December 27, 2006

"Voyageurs des sables" Six high-school pupils help to monitor desertification

Guided by explorer Stéphane Lévin, a unique and demanding adventure awaits the 6 high-school pupils selected for the “Sand Travellers” (Voyageurs des Sables) expedition. With just 20 days left before departure, the youngsters’ dreams are getting closer to reality as they come to grips with scientific and technical concepts and follow an intensive training regime to acclimatize themselves to remote and harsh desert conditions. The 6 sand travellers are confidently, and somewhat impatiently, looking forward to embarking on their 12-day extreme adventure.
15 March 2007

But it’s much more than just an adventure. “The reason this project has been so successful is that it addresses a topical need to verify the impacts of global warming in the field; in this sense, the project has a real social utility,” said Bernard Burel, chief executive of the Cité de l’Espace space theme park in Toulouse, at the last press briefing with the youngsters yesterday.

Bearing witness

The youngsters are ready to assume this role and will be covering a range of scientific and technological themes: Romain will concentrate on geolocation, while Elodie will work on telemedicine, Tiffany on broadband communication, Guilhem on soil and water analysis, Nathalie on measurements and Valentin on taking panoramic photos.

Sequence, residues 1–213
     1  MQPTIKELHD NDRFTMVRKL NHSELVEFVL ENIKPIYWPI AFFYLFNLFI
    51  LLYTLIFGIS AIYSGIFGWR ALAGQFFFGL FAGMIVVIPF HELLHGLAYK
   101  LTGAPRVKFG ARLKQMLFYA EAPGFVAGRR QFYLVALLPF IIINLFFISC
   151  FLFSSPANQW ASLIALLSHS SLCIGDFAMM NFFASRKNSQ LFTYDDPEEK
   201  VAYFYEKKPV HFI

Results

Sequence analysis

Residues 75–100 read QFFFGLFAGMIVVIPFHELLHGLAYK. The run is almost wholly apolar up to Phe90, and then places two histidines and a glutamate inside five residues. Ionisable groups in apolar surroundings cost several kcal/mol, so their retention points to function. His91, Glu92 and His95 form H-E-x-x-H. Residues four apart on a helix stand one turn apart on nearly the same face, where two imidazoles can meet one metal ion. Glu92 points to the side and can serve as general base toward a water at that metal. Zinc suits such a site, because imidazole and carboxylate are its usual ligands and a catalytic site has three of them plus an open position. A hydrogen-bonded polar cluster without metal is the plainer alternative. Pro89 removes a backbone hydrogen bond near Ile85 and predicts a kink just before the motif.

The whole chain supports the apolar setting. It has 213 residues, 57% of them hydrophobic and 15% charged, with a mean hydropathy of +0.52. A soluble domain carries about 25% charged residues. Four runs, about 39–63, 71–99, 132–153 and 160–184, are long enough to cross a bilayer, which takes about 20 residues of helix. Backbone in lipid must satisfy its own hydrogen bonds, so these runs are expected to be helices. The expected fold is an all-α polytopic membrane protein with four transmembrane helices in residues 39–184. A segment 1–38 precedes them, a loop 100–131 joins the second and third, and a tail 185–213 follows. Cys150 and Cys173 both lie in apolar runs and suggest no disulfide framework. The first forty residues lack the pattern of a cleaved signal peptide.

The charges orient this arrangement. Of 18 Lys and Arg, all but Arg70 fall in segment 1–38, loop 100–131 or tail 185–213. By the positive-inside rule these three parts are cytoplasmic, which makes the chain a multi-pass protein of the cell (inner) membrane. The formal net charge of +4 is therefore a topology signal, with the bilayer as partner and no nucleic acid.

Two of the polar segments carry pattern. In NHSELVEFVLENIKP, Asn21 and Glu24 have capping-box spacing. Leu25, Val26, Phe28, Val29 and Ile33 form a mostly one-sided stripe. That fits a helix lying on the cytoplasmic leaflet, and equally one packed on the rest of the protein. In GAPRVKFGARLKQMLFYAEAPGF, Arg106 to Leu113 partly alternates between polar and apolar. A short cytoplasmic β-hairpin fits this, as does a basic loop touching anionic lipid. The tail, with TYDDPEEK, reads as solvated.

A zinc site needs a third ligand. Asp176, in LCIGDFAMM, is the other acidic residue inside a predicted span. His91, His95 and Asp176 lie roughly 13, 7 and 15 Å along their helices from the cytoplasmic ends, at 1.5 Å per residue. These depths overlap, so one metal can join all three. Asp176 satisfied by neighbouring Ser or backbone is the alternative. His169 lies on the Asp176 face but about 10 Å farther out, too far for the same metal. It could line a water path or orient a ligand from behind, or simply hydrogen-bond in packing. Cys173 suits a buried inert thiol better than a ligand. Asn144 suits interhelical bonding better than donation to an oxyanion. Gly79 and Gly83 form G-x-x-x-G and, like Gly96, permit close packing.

They are raring to go and keenly aware of the responsibilities they have been given: “Our partners have developed protocols for us that can help to spawn practical applications,” they say.
From a broader perspective, the team are eager to compare the data they collect with those acquired by what they see as legendary missions like Parasol and Calipso, to get a glimpse of what’s in store from the future GMES programme and to test telecoms, digital imaging and satellite navigation equipment in the field.

And they aren’t losing sight of their ultimate objective: to contribute to a better understanding of global warming. “If we can help to characterize the desert environment, we will be advancing research on desertification in a small way.”

Their “testing ground” is a village deep in the south of Morocco at risk from the encroaching desert sands.

1st live link-up on 6 April

Other youngsters will also be able to live the Sand Travellers dream, since Stéphane Lévin has added a “communications” module to report back in a more reactive, more vivid way to “those frustrated at not being able to make the trip.”

The Sand Travellers will be giving their 1st videoconference 6 April, at 4:00 p.m. CET. Until 12 April, daily updates from mission HQ at the Cité de l’Espace will be providing pictures and commentary on how the adventurers—and the desert—are faring.

Besides the protocol aspects, communications have been strengthened to cater for the fantastic response to this unique adventure. The heads and teachers at the 3 high schools involved all confirm the educational value of the Science Travellers expeditions. “The adventurers’ expedition is getting everybody enthusiastic,” says a head teacher. “It forges ties with the world of research, spurs interest in science and opens a window onto the amazing range of space technologies out there.”

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